Exactly how change should come is the subject of much debate. Few believe that an outright ban would work. For Yasamy change will come through greater public awareness. One of the main challenges in weaning Yemen off khat is finding alternatives to fill the void that would be left, and for this, Yasamy says, Yemen should find its own solutions. For example selling khat to children should be prohibited and its availability to adults should be limited to certain hours of the day. Health Topics.
Year of the Nurse and the Midwife About Us. Skip to main content. Khat chewing in Yemen: turning over a new leaf Khat chewing is on the rise in Yemen, raising concerns about the health and social consequences. Leen Al-Mugahed reports.Medically reviewed by Drugs. Last updated on Oct 22, Khat leaves are chewed mainly for their psychostimulant and euphoric effects. It has traditionally been used to elevate mood and combat fatigue. Khat is also believed to have antiobesity effects due to appetite suppression.
However, there are no well-controlled clinical trials to support any of these uses. A khat preparation was administered at a dose of 0.
Khat chewing interferes with the absorption of amoxicillin and ampicillin. Nicotine and caffeine increase the stimulant effects of khat. Constipation is among the most commonly experienced adverse reaction in khat users.
Why the Herbal Stimulant 'Khat' Was Banned
Other serious adverse reactions include cardiovascular, CNS, endocrine, metabolic, GI, dental, cognitive, psychiatric, and respiratory effects. Khat may cause oral and gastric cancer, cerebral hemorrhage, severe headache, myocardial infarction MIduodenal ulcers, hypertension, low-birth-weight infants, and a variety of other severe effects, including addiction and associated sequelae.
Khat is a natural stimulant native to East Africa and the Arabian Peninsula, with distribution in parts of the Middle East and on the island of Madagascar. It is a tall evergreen shrub 2. Its tender twigs and leaves are harvested almost year-round.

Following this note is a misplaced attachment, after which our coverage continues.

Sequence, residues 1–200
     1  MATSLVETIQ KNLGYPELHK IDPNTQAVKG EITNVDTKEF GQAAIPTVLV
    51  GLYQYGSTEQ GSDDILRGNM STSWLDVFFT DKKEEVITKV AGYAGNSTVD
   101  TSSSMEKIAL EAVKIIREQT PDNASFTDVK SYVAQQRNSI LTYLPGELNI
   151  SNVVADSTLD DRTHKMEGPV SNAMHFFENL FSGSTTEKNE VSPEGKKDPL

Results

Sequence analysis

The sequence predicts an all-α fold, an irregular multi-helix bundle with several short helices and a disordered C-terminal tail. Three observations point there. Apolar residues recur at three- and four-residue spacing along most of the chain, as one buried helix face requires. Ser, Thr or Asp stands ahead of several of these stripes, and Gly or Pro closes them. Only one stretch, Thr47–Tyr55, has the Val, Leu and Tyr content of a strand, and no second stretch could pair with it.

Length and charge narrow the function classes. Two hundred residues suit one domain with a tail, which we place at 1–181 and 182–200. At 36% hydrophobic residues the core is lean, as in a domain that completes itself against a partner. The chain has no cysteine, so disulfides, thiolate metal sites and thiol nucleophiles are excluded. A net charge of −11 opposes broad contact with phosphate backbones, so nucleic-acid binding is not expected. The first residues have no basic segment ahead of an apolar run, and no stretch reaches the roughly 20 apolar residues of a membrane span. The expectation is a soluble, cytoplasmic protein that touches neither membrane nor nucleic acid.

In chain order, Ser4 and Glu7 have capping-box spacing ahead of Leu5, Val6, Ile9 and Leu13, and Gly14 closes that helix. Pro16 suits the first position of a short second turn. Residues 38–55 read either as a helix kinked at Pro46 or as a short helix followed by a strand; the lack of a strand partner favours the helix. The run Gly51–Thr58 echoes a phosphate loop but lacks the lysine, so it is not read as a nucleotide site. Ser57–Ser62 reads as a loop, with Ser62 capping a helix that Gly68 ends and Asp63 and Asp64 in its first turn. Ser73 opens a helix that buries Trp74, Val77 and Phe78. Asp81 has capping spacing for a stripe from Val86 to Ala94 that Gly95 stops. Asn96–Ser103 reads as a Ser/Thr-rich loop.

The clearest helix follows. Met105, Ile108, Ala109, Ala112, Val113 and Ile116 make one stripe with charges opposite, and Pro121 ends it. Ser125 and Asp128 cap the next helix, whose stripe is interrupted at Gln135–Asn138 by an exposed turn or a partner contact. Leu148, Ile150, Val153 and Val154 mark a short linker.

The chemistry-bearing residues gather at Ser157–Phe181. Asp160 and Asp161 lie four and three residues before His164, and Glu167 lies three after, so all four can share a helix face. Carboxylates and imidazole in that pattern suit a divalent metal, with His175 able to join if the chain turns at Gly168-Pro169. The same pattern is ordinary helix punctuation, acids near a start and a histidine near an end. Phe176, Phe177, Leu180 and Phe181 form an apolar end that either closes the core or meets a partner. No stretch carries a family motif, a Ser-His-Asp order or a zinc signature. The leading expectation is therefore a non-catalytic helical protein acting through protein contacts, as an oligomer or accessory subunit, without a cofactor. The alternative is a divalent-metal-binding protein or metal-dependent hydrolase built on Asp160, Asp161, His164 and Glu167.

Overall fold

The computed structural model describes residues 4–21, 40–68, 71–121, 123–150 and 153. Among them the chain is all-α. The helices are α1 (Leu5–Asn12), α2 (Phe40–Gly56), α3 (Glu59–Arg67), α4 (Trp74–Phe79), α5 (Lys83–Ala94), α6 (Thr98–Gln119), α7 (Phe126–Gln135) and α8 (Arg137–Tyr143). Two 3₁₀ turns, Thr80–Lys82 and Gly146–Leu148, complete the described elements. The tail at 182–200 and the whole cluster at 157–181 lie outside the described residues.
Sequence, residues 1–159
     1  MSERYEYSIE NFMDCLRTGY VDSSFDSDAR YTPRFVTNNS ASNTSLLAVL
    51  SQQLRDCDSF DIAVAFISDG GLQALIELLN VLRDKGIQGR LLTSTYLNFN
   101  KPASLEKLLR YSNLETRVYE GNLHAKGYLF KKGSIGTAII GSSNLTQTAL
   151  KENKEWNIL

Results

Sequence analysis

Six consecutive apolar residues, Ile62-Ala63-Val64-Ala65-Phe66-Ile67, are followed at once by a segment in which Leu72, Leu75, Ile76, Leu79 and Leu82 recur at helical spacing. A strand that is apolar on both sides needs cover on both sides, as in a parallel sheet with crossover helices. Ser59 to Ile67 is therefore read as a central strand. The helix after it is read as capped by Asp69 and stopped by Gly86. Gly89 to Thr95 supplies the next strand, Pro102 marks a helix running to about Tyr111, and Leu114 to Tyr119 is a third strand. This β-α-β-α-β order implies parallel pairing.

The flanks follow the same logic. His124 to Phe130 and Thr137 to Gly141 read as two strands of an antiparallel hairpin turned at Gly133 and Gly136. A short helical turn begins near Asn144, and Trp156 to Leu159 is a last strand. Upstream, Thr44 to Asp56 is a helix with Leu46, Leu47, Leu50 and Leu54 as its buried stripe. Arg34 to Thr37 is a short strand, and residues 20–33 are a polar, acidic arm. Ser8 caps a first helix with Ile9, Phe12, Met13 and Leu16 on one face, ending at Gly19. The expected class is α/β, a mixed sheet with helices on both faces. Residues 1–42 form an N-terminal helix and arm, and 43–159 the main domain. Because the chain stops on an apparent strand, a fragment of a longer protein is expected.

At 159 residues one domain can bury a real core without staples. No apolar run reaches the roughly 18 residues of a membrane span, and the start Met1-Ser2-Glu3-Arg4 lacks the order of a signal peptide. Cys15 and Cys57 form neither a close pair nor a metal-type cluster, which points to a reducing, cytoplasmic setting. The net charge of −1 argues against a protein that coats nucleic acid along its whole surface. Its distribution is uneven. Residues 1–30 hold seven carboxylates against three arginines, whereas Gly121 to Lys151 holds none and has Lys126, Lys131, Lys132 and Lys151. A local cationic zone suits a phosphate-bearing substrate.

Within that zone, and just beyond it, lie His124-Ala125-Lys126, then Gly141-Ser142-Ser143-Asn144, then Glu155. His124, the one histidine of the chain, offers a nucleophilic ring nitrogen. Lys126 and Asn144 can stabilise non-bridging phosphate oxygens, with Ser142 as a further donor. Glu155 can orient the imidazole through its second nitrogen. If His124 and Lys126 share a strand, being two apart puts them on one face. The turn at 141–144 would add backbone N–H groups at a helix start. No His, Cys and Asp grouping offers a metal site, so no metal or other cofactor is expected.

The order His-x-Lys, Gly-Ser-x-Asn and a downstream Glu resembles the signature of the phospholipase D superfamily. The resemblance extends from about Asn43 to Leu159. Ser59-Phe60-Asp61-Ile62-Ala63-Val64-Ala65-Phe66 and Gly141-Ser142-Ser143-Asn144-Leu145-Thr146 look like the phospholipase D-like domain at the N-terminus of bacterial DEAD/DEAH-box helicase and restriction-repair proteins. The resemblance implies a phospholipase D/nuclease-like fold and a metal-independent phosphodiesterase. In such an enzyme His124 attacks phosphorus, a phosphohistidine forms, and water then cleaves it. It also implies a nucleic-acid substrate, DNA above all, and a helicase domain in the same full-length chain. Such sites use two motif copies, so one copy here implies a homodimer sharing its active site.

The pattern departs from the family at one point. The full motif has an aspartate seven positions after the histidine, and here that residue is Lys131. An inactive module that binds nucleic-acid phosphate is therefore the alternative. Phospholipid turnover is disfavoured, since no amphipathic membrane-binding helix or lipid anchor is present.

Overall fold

White leaves are more rare and more expensive than red leaves. Freshly harvested khat has traditionally been wrapped in banana leaves to keep it moist during export to neighboring African countries. Patel The khat plant is believed to be native to Ethiopia and to have been introduced to Yemen between the first and sixth centuries.
Mihretu Though khat has been used historically for medicinal purposes, it is most valued as a stimulant. Al'absi Chewing parts of the khat plant is one of the most common forms of drug use and abuse in many East African nations, with use increasing steadily in recent years and becoming a problem of social and medical importance. Al'absiAl-Maweri Khat is still legal in some countries in Africa and Europe but is illegal in others, such as Germany. Al'absiBongard Recent bans were established in the Netherlands in and in the United Kingdom in Bongard Given its social and cultural tradition in African and some Middle East societies Al'absi and because of its euphoric effects, khat chewing often plays a dominant role in celebrations, meetings, marriages, and other social gatherings.